“Our earlier fears that more would die in Gaza from hunger, dehydration and disease than from bombs, were well founded, sadly,” said Tibi.

“Starvation is cruel. It is a slow and painful death. Our partners who run health centers in Northern Gaza have reported that the number of children categorized as having moderate or severe malnutrition nearly doubled in February, compared to January. Their staff report watching children get thinner and thinner as the days go by and of kids who can barely speak and walk due to starvation.” She added: “We also hear of kids being born and dying in shelters without even being registered in the hospitals. It’s like they don’t exist.”

CARE is among the organizations that consistently lend their expertise to inform the work and conclusions of the IPC. Leading CARE’s technical work with the IPC partnership is Dalmar Ainashe, CARE’s Senior Technical Advisor for Food Security, Livelihoods, and Nutrition.

Drawing from more than 20 years of experience in acute food insecurity, malnutrition, and famines, he said: “Famines ‘normally’ take time to develop, so this crisis in Gaza is unparalleled in speed, scale, and severity. This crisis, at the apex of the IPC scale, is unprecedented since the IPC’s 2004 inception. The swift plunge into famine and the vast human suffering and anguish in Gaza is unmatched, emphasizing the need for urgent, extensive, and sustained humanitarian response.”

CARE reiterates its call for an immediate and sustained ceasefire, the free flow of humanitarian aid inside and throughout Gaza, the evacuation of the sick and wounded, and the release of all hostages.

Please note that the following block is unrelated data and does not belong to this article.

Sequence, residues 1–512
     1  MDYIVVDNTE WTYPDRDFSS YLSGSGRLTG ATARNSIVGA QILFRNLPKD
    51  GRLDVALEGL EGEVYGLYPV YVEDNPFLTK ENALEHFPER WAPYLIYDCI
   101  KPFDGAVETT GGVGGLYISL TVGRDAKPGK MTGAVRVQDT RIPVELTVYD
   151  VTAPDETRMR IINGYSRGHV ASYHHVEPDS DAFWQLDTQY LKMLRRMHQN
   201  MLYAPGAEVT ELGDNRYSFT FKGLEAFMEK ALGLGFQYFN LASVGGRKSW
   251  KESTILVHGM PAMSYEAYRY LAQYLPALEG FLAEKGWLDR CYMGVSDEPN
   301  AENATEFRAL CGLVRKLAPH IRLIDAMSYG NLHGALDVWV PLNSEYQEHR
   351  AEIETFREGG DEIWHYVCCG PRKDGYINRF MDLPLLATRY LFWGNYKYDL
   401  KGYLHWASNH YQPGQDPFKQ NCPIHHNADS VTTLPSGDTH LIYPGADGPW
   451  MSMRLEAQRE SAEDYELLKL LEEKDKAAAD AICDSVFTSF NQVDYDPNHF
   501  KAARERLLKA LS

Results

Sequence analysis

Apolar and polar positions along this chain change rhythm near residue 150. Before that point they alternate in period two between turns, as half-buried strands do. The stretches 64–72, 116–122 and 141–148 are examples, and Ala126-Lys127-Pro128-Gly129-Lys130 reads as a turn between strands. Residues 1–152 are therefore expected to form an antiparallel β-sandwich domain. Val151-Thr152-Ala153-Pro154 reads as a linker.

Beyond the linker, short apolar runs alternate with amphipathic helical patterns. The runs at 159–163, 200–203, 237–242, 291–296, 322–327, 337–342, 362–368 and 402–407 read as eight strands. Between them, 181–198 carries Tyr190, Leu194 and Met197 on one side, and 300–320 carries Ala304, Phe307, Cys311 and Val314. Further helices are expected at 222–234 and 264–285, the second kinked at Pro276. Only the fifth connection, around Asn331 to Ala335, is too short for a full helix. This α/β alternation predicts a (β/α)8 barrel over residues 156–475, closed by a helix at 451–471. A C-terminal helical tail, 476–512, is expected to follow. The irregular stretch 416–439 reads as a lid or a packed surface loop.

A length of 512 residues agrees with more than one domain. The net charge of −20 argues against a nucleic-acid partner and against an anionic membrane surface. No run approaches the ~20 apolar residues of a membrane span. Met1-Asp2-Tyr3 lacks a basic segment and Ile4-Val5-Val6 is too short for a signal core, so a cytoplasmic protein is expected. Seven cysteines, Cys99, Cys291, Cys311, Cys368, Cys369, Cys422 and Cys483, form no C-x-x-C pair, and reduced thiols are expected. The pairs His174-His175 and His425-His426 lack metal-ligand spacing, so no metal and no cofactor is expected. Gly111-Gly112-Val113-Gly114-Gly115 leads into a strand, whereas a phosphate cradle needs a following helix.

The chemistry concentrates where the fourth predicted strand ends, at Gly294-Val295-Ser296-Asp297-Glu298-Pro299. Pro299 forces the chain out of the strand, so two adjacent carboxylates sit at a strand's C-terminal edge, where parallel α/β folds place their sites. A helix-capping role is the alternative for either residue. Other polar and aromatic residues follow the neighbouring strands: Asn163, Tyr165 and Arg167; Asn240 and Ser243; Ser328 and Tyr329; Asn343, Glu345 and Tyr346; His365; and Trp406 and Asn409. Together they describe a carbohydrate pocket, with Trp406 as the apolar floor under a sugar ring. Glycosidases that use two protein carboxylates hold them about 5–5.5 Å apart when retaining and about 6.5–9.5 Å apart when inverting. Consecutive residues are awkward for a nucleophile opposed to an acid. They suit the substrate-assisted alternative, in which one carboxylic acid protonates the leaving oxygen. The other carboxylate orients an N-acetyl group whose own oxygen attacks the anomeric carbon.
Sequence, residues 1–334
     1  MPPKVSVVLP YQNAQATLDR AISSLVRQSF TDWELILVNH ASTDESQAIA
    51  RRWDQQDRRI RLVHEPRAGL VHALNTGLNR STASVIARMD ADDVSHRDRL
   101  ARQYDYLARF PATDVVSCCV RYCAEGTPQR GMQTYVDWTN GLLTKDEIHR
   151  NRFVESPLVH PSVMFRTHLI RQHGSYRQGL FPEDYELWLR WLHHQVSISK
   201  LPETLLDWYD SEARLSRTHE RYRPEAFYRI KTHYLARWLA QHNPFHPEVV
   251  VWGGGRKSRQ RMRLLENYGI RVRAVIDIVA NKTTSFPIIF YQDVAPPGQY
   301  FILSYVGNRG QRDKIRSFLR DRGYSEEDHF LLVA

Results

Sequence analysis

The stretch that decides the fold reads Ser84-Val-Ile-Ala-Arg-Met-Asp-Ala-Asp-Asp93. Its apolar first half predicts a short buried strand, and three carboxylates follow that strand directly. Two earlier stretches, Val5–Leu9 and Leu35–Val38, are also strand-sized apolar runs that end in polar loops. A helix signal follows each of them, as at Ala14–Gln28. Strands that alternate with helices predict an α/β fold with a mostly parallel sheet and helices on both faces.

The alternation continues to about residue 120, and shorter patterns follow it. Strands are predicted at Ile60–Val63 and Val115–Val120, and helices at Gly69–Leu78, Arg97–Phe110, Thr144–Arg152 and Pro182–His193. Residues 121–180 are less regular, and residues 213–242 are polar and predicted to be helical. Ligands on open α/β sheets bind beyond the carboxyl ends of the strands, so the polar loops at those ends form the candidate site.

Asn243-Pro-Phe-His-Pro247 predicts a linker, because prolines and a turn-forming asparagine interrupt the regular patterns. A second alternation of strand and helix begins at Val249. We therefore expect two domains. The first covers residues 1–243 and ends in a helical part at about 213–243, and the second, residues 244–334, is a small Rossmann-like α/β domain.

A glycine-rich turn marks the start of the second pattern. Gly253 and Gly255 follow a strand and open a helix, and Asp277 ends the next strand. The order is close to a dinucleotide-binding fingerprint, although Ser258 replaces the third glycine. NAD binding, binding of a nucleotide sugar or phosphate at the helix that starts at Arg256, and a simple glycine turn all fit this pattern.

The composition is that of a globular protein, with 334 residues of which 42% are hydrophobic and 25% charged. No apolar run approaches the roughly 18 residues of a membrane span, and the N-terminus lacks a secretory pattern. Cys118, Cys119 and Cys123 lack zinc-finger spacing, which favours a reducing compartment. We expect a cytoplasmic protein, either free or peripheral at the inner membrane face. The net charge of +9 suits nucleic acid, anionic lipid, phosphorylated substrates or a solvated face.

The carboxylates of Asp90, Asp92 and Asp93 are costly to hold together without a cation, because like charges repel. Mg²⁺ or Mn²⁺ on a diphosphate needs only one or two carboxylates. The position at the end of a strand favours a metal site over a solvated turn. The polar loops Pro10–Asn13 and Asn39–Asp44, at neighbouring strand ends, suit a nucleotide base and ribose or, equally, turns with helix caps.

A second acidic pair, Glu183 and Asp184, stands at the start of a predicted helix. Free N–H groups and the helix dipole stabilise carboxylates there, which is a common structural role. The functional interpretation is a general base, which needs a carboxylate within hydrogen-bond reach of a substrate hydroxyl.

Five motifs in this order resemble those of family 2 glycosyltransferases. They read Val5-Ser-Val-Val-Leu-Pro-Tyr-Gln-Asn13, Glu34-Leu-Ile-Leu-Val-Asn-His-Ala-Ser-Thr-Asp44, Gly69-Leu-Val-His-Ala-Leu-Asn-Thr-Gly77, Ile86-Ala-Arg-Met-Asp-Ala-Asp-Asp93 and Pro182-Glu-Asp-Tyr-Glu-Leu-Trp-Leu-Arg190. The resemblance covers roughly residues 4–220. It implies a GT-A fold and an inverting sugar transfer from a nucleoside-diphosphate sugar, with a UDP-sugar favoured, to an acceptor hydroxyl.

Moreover, CARE urgently reminds UN Member States of UN Security Council Resolution 2417, unanimously passed in 2018, which is designed to trigger action from the Council when there is a risk of conflict-induced famine affecting civilian populations.

People are starving. Action is needed now.


For media enquiries contact Briony FitzGerald on 0404 117 927

About CARE International

CARE International has been operating in Gaza and the West Bank since 1948. Prior to the current conflict, we were supporting about 200,000 Palestinians in Gaza and we continue to support about 300,000 in the West Bank to meet basic food needs, improve farming and agriculture, empower women to earn an income, support women’s leadership, and improve health programs focused on gender-based violence, sexual and reproductive health, and children’s mental health.

Since the escalation of the conflict, the CARE team in Gaza was able to distribute hygiene kits, shelter items such as blankets and mattresses, and drinking water to over 262,928 vulnerable displaced people. CARE also reached over 76,397 people with medical support, including medications, medical supplies, and primary health services.

About CARE Australia

CARE Australia supports women around the globe to save lives, defeat poverty and achieve social justice. We work in partnership with local communities to provide equal opportunities for women that they have long been denied: the ability to earn an income, gain access to their fair share of resources, to lead and participate in decisions that affect their lives, and to be able to withstand the increasing impacts of climate disasters and other crises. www.care.org.au